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Hernandez v. New Jersey State Parole Board

Superior Court of New Jersey, Appellate Division

December 30, 2013

PEDRO HERNANDEZ, Appellant,
v.
NEW JERSEY STATE PAROLE BOARD, Respondent.

NOT FOR PUBLICATION WITHOUT THE APPROVAL OF THE APPELLATE DIVISION

Submitted December 18, 2013.

On appeal from the New Jersey State Parole Board.

Pedro Hernandez, appellant pro se.

John J. Hoffman, Acting Attorney General, attorney for respondent (Lisa A. Puglisi, Assistant Attorney General, of counsel; Shirley P. Dickstein, Deputy Attorney General, on the brief).

Before Judges Simonelli and Fasciale.

PER CURIAM.

Pedro Hernandez appeals from a July 25, 2012 final agency decision by the New Jersey State Parole Board ("Board") denying his request for parole and imposing a twenty-month period of future eligibility term (FET). We affirm.

Hernandez is an inmate at Mid-State Correctional Facility and is serving a four-year sentence for burglary and theft. In October 2009, Hernandez used a forklift to break the cement block wall of a warehouse and thereby gain entry into the warehouse from an adjacent building. Hernandez then stole approximately forty pallets of perfume from the warehouse. Police arrested Hernandez after a blood sample found at the crime scene matched Hernandez's blood. In April 2011, Hernandez pled guilty to burglary and theft by unlawful taking and received a four-year prison term. He has one prior theft conviction.

Hernandez first became eligible for parole in 2012. A Hearing Officer (HO) conducted an initial hearing and then referred the matter to a two-member panel, which considered his case, denied parole, and established a twenty-month FET. The panel determined that Hernandez had failed to "address[] his criminal thinking and behavior."

In April 2012, Hernandez appealed to the full Board. In its final three-page written decision on July 25, 2012, the Board determined that "there is a reasonable expectation that [Hernandez] will violate the conditions of parole if released, " affirmed the two-member panel, and imposed a twenty-month FET. The Board upheld the panel's decision.

On appeal, Hernandez raises the following point:

THE BOARD PANEL FAILED TO ESTABLISH THAT THERE WAS A REASONABLE EXPECTATION THAT APPELLANT WOULD VIOLATE A CONDITION OF PAROLE IF RELEASED AT THIS TIME.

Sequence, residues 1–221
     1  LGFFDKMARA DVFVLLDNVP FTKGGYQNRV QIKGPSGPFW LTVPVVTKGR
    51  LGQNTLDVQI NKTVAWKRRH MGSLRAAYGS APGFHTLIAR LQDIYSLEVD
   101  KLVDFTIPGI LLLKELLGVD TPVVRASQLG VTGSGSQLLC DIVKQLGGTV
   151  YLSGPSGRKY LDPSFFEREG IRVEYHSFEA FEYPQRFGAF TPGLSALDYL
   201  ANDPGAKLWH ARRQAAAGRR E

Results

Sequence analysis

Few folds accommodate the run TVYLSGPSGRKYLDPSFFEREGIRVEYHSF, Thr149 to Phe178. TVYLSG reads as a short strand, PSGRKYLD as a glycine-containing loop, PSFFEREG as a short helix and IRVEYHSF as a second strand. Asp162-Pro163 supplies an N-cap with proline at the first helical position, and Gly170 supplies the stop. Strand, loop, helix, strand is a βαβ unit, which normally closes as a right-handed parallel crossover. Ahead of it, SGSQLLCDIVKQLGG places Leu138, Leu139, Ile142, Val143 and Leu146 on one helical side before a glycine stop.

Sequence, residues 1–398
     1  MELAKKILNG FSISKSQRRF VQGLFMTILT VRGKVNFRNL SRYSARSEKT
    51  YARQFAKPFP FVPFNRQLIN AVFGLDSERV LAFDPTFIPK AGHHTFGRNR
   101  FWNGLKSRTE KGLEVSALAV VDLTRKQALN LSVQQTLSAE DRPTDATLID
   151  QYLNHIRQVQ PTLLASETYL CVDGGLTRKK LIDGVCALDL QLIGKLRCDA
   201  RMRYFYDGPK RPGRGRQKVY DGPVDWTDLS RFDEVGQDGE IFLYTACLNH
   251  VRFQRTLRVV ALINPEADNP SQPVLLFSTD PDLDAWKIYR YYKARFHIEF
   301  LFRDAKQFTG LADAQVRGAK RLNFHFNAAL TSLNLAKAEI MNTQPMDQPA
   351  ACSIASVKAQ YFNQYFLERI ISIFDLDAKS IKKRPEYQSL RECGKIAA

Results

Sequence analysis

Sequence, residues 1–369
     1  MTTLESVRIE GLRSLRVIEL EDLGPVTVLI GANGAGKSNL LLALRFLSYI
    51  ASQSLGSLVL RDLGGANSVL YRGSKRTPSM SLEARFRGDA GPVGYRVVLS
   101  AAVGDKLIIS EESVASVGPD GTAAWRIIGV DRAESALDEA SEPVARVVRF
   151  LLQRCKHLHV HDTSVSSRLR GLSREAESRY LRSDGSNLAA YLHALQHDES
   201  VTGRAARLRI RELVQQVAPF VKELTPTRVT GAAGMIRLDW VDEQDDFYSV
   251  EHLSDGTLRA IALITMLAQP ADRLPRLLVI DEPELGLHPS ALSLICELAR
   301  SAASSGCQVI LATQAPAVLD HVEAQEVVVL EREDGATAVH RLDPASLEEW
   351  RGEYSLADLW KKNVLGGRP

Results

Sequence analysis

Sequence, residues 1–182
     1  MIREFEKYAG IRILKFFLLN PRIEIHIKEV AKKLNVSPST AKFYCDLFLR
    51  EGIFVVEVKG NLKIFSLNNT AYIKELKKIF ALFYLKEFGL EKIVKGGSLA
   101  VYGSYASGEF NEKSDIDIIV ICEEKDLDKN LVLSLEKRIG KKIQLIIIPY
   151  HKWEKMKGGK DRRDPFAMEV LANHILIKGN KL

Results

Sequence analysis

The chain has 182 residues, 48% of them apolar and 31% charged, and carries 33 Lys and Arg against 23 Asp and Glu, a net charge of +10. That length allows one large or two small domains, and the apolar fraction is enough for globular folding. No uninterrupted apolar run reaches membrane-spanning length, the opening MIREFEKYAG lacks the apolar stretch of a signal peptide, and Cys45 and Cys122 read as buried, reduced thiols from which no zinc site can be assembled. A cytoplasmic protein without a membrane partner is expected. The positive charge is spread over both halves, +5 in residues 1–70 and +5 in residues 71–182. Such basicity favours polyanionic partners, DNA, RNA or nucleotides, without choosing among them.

Our standard of review of administrative decisions of the Parole Board is limited, and it "is grounded in strong public policy concerns and practical realities." Trantino v. N.J. State Parole Bd. (Trantino V), 166 N.J. 113, 200 (2001). "The decision of a parole board involves 'discretionary assessment[s] of a multiplicity of imponderables . . . .'" Id. at 201 (alteration in original) (quoting Greenholtz v. Inmates of Neb. Penal & Corr. Complex, 442 U.S. 1, 10, 99 S.Ct. 2100, 2105, 60 L.Ed.2d 668, 677 (1979)). "To a greater degree than is the case with other administrative agencies, the Parole Board's decision-making function involves individualized discretionary appraisals." Ibid. Consequently, we may reverse the Parole Board's decision only if it is "arbitrary and capricious." Ibid. We do not disturb the Board's factual findings if they "'could reasonably have been reached on sufficient credible evidence in the whole record.'" Id. at 172 (quoting Trantino v. N.J. State Parole Bd. (Trantino IV), 154 N.J. 19, 24 (1998)).

Applying that deferential standard of review, we find no basis to disturb the Board's decision in this case. We affirm substantially for the reasons that the Board expressed in its July 25, 2012 final decision. We add the following brief comments.

The Board's decision to deny parole is not arbitrary and capricious. Instead, the Board assessed all relevant factors, see N.J.A.C. 10A:71-3.11, and arrived at a decision that is supported by ample evidence, including, but not limited to, the facts that Hernandez lacks insight into his criminal behavior; has exhibited insufficient problem resolution; minimizes his conduct; committed a serious crime; has an eighteen-year history of substance abuse; and made only an initial effort at rehabilitation that "does not equate to a change in [his] behavior."

We are equally satisfied that the imposition of a twenty-month FET was supported by substantial credible evidence in the record. Finally, we are satisfied that the minimal constitutional requirements of due process were fulfilled in this case. See Morrissey v. Brewer, 408 U.S. 471, 485-89, 92 S.Ct. 2593, 2602-05, 33 L.Ed.2d 484, 497-99 (1972).

Affirmed.


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